One cause for the drop in net margins  was the number of cooperatives suffering  losses during 1996. Nine cooperatives  ended 1996 with a loss, up from six co-ops  in 1995. Net margins before losses were  $1.4 billion in 1996 (figure 2). Losses  amounted to $86.6 million. However, 73  percent of the loss was attributed to one  cooperative.
 
Non-operating Revenue

    Non-operating revenues include gains  or losses from discontinued operations,  accounting changes and other  extraordinary revenue or expenses not  associated with operations. In 1996, these  revenue sources reached $5.5 million, up  90 percent from 1995. However, that was  not enough to boost net margins above  1995 levels.

Distributions of Net Margins

    Cooperatives not only had fewer  margins to distribute in 1996, but also  paid out less cash as a percentage of total  margins allocated (figures 3 and 4). In  1995, the largest agricultural cooperatives  paid out $436 million (30 percent) of  allocated equity in cash. By 1996, this  figure was down to $338 million (26  percent).

    The value of non-cash qualified  patronage refunds declined from $629  million in 1995 to $621 million in 1996, a  drop of 1 percent. But, as a percent of  total distribution, cooperatives retained a  higher percentage of the* patronage  refunds in 1996 (47 percent) than in 1995  (42 percent).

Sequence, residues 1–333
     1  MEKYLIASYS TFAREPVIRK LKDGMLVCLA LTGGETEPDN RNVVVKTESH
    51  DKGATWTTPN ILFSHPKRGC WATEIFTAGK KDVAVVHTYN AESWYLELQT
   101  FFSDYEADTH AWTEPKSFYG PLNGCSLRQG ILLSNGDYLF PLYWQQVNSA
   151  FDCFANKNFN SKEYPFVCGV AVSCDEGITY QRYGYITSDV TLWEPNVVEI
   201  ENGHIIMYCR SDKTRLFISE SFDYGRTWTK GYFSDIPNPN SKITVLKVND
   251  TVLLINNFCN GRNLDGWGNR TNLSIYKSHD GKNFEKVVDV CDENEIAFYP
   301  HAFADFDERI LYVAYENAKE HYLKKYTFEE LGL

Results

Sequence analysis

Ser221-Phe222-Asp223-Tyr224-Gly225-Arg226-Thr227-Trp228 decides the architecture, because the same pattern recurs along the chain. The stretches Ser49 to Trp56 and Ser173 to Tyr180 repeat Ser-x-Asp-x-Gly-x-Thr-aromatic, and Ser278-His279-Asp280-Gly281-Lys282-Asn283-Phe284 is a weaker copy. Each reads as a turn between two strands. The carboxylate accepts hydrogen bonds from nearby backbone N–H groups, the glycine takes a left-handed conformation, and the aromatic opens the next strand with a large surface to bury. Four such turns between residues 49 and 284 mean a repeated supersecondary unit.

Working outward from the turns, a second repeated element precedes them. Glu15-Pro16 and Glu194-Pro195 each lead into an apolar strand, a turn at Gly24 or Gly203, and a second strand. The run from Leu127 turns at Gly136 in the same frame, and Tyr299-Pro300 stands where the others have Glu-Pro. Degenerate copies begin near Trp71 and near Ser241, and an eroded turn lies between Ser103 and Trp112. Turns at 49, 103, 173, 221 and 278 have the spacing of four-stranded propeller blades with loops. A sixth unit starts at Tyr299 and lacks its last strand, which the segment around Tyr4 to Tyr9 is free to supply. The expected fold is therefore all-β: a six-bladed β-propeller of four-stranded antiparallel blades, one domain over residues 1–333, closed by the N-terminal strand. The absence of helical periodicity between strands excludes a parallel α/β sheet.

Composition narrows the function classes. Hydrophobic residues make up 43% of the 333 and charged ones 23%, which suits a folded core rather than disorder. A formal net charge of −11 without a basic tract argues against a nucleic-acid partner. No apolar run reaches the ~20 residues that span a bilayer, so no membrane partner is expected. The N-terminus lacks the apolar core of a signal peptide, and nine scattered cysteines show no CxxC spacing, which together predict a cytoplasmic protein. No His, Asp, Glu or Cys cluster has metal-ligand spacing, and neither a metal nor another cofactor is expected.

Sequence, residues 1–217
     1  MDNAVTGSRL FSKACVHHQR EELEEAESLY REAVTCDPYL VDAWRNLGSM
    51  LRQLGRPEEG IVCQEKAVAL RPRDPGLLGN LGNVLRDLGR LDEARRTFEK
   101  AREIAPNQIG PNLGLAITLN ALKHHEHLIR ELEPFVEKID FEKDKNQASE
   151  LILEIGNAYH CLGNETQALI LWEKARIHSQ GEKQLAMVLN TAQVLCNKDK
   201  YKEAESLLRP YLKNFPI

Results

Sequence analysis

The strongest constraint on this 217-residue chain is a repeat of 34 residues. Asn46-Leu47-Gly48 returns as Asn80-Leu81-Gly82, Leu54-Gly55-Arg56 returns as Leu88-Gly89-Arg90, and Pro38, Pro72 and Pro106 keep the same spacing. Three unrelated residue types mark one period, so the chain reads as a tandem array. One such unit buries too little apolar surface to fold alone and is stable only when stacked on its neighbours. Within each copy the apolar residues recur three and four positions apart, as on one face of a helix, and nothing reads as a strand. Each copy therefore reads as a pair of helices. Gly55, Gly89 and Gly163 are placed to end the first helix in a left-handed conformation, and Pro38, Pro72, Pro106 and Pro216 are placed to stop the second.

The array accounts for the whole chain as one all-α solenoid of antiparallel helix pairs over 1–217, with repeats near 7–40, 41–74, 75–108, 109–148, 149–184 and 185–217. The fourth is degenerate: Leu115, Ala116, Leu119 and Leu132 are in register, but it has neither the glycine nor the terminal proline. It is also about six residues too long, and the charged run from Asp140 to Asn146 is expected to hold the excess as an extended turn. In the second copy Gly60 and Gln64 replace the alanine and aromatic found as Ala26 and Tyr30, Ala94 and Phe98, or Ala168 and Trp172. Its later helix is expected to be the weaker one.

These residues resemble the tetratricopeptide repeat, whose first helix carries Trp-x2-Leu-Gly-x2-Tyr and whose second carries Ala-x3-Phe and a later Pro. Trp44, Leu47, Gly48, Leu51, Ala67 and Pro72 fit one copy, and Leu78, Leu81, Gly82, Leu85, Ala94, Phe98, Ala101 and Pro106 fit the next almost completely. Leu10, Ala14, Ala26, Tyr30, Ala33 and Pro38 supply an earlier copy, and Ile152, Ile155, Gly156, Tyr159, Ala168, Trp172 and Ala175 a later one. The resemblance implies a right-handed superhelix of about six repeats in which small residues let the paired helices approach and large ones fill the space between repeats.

Although non-qualified non-cash patronage refunds represent 3.3 percent of total net margin distribution, the value  jumped 50 percent, to $44 million, between 1995 and 1996. However, most of the increase was due to a single cooperative. Although these non-qualified patronage refunds add flexibility to the distribution mix, they are slowly losing favor with cooperatives. In the 1980s as many as 15 cooperatives used this form of allocation, but the number dropped to six co-ops in '1996.
 
    Whether by regulation or cooperative policy, dividends usually play a minor role in distributing cooperatives" net income. However, the amount of dividends paid has increased in recent years. Before 1992, the average amount of dividends paid ranged between $13 million and $18 million. Since 1992, that amount has steadily increased, from $20 million to $27 million in 1996. Dividends paid on stock investment differs from patronage dividends or patronage refunds, which are based on the amount of business done with the cooperative.
 
    Generally, unallocated equity or retained earnings are accumulated from non-member business. In 1996, unallocated equity levels declined. Cooperatives retained nearly 30 percent less of their earning than in 1995. This marks an abrupt change in the trend over the past five years. In 1992, the largest coopera tives retained $29 million. By 1995, this value stood at $240 million and in 1996 it dropped to $170 million.
 
    Even though cooperatives have a special tax status, they still pay income taxes. In 1996, cooperatives paid more than $114 million in income taxes, 19 percent less than in 1995. As a percent of net margins, the largest agricultural cooperatives paid an average tax rate of 9 percent, unchanged from 1995.
 
Revenues by Commodity Group